It is absurd beyond discussion to believe that any light can be shed on these processes by LLMs, which scan astronomical amounts of data to find statistical regularities that allow fair prediction of the next likely word in a sequence based on the enormous corpus they analyze.
The absurdity is in fact a minor problem. More fundamentally, it is obvious that these systems, whatever their interest, are incapable in principle of shedding light on language acquisition by humans. The reason is that they do just as well with impossible languages that humans cannot acquire in the manner of children (if at all).
It is as if a physicist were to propose a “theory” saying “here are a lot of things that happen and a lot that can’t happen and I can make no distinction among them.”
Piantadosi is familiar with LLMs, but like many others, shows no awareness of these fundamental problems. Everett simply makes unsubstantiated claims that merit no attention.
The very fact that they attribute the theories to me reveals lack of familiarity with the rich and well-developed field of language acquisition.
Perhaps these critics’ lack of familiarity with the field of language acquisition stems from a more fundamental problem; namely, a potentially distorted view of your theory of language acquisition, which has had a lot of influence, to say the least, on much of what has taken place in the field in terms of theorizing.
Then again, this might be related to an issue that Harvard psychologist Steven Pinker raised in 2016. In an interview with John Horgan, published by Scientific American Blogs under the headline “Is Chomsky’s Theory of Language Wrong? Pinker Weighs in on Debate,” he talks about the unclear nature of “Chomsky’s theory of language” and how your concept of “Universal Grammar” is ambiguous in terms of what it consists of.
It thus would be tremendously helpful, I believe, if you could at this point briefly discuss your theory of language acquisition, especially, since it has gone through multiple revisions since its original formulation.
NC: It’s easy to discover what “Chomsky’s theory of language” refers to: there is publication after publication providing details. There seems to be a strange conception that there should be a fixed and unchanging theory of the nature of language. There isn’t, any more than in the sciences generally.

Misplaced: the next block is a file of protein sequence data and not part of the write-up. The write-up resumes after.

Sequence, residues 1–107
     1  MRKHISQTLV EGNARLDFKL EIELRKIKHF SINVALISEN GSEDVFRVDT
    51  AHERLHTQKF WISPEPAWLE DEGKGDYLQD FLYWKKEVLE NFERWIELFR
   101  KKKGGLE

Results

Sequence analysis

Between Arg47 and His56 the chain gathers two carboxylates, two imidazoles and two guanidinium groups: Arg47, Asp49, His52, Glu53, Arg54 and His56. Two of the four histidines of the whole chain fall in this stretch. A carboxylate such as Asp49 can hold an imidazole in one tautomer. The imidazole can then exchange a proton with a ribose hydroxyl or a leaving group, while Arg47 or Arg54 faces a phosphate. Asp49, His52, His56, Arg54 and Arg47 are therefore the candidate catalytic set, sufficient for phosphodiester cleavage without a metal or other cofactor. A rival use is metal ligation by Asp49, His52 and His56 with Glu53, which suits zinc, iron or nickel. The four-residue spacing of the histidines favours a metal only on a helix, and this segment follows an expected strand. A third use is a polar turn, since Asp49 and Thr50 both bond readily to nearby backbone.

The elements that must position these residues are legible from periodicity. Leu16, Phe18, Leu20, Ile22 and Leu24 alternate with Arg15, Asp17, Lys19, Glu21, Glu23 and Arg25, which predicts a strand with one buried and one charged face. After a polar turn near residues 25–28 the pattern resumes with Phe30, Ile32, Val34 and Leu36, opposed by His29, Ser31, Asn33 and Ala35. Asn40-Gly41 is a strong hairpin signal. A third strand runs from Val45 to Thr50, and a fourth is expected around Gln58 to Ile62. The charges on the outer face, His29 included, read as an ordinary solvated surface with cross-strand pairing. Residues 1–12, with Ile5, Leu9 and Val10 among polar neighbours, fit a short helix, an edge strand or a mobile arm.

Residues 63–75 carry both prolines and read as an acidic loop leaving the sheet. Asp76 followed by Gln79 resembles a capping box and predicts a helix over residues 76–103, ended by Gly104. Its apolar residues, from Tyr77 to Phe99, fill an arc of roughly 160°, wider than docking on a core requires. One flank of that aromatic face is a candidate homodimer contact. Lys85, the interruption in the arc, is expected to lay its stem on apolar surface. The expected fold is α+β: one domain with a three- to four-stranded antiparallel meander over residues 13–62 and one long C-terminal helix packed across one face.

On language acquisition—or any process of growth and development—three factors are involved: (1) innate structure, (2) external stimuli, (3) laws of nature.
Any sensible approach to language acquisition will seek to determine how they interact to yield the transition from the initial state (1) to the relatively stable state attained. There has been considerable progress in all three areas. The Principles and Parameters framework provided the first real hope for a feasible account of the transition that would account for the diversity of possible human languages. That inspired a great deal of work aimed at determining how an infant can feasibly search through the parameter space to yield a particular language (or languages). Among major contributions, Ian Roberts’s recent work shows how very simple cognitive processes can achieve highly significant results, tested with thousands of typologically different languages. Experimental work has shown that very young children have mastered fundamentals of language, far beyond what they exhibit in performance, and careful statistical studies reveal that the data available to them is sparse and in crucial cases non-existent.
My own work has concentrated on (1) and (3), with principles of computational efficiency taken to be laws of nature—natural for a computational system like language. I can’t review the course of this work here: there is ample material in print, to the present.
To clarify a terminological point, often misunderstood, the technical term UG (“universal grammar”) refers to the theory of (1), the theory of the human faculty of language, apparently shared through the species, and with basic properties not found in other organisms, hence a true species property.
Going back to LLMs, with the approach that you have described above in mind, can we say that such models will someday be able to replace linguistics for understanding the human faculty of language?
NC: Their basic design ensures that this is impossible, for the two reasons I mentioned: the minor flaw, which renders the proposal absurd; the major flaw, which renders it impossible in principle.
Finally, do you think there should be any sort of government regulation of language models like ChatGPT, in terms of, say, privacy matters or data security, similar to what recently happened in Italy?
NC: As you know, there’s a petition circulating calling for a moratorium on development of these systems, signed by a wide variety of prominent practitioners. And there have been calls for government regulation. The threats are real enough. I frankly doubt that there’s any practical way to contain them. The most effective means that I can think of is the only way to counter the spread of malicious doctrines and ideology: education in critical thinking, organization to encourage deliberation and modes of intellectual self-defense.
Thank you, Noam, for your time and valuable insights.
Noam Chomsky is a laureate professor in the Department of Linguistics in the College of Social and Behavioral Sciences, and the Agnese Nelms Haury Chair in the Agnese Nelms Haury Program in Environment and Social Justice at the University of Arizona. He has received numerous awards, written more than 100 books on a wide range of topics, and is globally recognized as the founder of modern linguistics. He is also a renowned political commentator and one of the world’s most influential public intellectuals. His latest book is Who Rules the World? (Metropolitan Books, The American Empire Project, 2016).
Ramin Mirfakhraie is a sociologist based in the U.S. His research interests include capitalist globalization and international politics. He holds a PhD from the University of Warwick in the UK.